Marcus Aurelius: AmEx CEO Blasts Obama and Buffet

03 Economy, 09 Justice, 11 Society, Cultural Intelligence
Marcus Aurelius

MSNBC had Mr. Golub on the Dylan Ratigan show yesterday. The Clintonesque sub for Ratigan was aghast that Golub did not want to buy into higher tax rates and that he advocated making the 50% or so of Americans who pay no taxes pay their share. The follow-on segment had three talking heads, at least two of whom were also aghast that Golub might want to keep more of the money he earned.

My Response To Buffett And Obama

By HARVEY GOLUB

Wall Street Journal, 22 August 2011

Before you ask for more tax money from me, raise the $2.2 trillion you already collect each year more fairly and spend it more wisely.

EXTRACT:

Today, top earners–the 250,000 people who earn $1 million or more–pay 20% of all income taxes, and the 3% who earn more than $200,000 pay almost half. Almost half of all filers pay no income taxes at all. Clearly they earn less and should pay less. But they should pay something and have a stake in our government spending their money too.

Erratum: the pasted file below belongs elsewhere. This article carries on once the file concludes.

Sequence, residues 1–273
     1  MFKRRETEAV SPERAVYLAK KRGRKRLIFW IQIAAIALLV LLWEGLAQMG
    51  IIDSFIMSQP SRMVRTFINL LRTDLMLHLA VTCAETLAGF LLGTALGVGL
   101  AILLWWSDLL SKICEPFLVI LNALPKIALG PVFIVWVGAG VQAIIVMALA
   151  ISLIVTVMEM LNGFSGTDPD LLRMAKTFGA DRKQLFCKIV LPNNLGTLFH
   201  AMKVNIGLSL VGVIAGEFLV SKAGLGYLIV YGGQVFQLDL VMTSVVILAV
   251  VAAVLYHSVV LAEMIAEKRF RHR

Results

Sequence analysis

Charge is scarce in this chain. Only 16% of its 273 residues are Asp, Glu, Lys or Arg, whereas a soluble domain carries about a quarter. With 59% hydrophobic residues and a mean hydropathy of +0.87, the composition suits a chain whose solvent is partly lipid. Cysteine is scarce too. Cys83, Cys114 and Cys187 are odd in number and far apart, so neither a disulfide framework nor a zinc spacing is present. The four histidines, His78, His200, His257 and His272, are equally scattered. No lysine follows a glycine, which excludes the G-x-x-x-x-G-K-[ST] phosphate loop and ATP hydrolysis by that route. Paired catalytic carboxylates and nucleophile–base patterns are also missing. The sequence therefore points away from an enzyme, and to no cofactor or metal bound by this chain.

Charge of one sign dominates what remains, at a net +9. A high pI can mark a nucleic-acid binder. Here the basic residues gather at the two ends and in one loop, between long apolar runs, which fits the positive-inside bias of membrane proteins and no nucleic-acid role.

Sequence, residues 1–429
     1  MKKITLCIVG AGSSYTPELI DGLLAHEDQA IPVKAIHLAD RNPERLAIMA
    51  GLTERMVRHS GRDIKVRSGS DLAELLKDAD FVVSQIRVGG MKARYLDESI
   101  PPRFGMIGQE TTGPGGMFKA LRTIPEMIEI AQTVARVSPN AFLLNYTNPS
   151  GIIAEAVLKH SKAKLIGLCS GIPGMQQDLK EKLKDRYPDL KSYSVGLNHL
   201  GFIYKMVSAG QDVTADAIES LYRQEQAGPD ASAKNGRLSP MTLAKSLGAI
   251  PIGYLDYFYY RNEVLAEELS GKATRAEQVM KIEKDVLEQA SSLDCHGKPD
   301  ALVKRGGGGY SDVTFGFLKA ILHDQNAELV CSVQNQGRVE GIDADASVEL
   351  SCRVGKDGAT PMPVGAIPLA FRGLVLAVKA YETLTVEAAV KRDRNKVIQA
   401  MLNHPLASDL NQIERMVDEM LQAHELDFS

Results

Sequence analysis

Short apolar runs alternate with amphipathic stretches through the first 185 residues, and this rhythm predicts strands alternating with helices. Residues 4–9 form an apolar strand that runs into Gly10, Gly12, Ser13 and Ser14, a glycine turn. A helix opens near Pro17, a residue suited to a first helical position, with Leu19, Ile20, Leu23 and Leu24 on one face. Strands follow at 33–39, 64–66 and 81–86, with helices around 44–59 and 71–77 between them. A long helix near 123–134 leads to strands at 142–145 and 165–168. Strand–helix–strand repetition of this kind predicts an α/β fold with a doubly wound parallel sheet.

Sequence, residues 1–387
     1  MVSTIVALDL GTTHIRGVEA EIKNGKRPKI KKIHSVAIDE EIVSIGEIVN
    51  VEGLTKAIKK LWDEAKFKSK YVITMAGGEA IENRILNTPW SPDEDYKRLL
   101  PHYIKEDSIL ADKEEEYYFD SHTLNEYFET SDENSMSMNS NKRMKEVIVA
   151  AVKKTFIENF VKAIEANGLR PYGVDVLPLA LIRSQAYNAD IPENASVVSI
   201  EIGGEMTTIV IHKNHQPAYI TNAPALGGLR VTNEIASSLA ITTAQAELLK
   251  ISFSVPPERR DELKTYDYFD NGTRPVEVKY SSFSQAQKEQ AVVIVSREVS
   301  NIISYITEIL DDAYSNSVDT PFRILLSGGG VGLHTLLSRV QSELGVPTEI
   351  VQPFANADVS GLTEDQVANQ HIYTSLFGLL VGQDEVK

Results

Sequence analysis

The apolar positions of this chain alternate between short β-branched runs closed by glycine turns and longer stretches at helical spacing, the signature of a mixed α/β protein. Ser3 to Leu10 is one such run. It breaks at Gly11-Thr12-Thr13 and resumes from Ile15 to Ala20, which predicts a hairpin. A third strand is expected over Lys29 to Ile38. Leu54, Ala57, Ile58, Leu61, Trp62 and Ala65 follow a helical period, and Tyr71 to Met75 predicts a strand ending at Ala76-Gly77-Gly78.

. . . . . .

In addition, the extraordinarily complex tax code is replete with favors to various interest groups and industries, favors granted by politicians seeking to retain power. Mortgage interest deductions support the private housing industry at the expense of renters. Generous fringe benefits are not taxed at all, in order to support union and government workers at the expense of people who buy their own insurance with after-tax dollars. Gifts to charities are deductible but gifts to grandchildren are not. That’s just a short list, and all of it is unfair.

Governments have an obligation to spend our tax money on programs that work. They fail at this fundamental task. Do we really need dozens of retraining programs with no measure of performance or results? Do we really need to spend money on solar panels, windmills and battery-operated cars when we have ample energy supplies in this country? Do we really need all the regulations that put an estimated $2 trillion burden on our economy by raising the price of things we buy? Do we really need subsidies for domestic sugar farmers and ethanol producers?

Why do we require that public projects pay above-market labor costs? Why do we spend billions on trains that no one will ride? Why do we keep post offices open in places no one lives? Why do we subsidize small airports in communities close to larger ones? Why do we pay government workers above-market rates and outlandish benefits? Do we really need an energy department or an education department at all?

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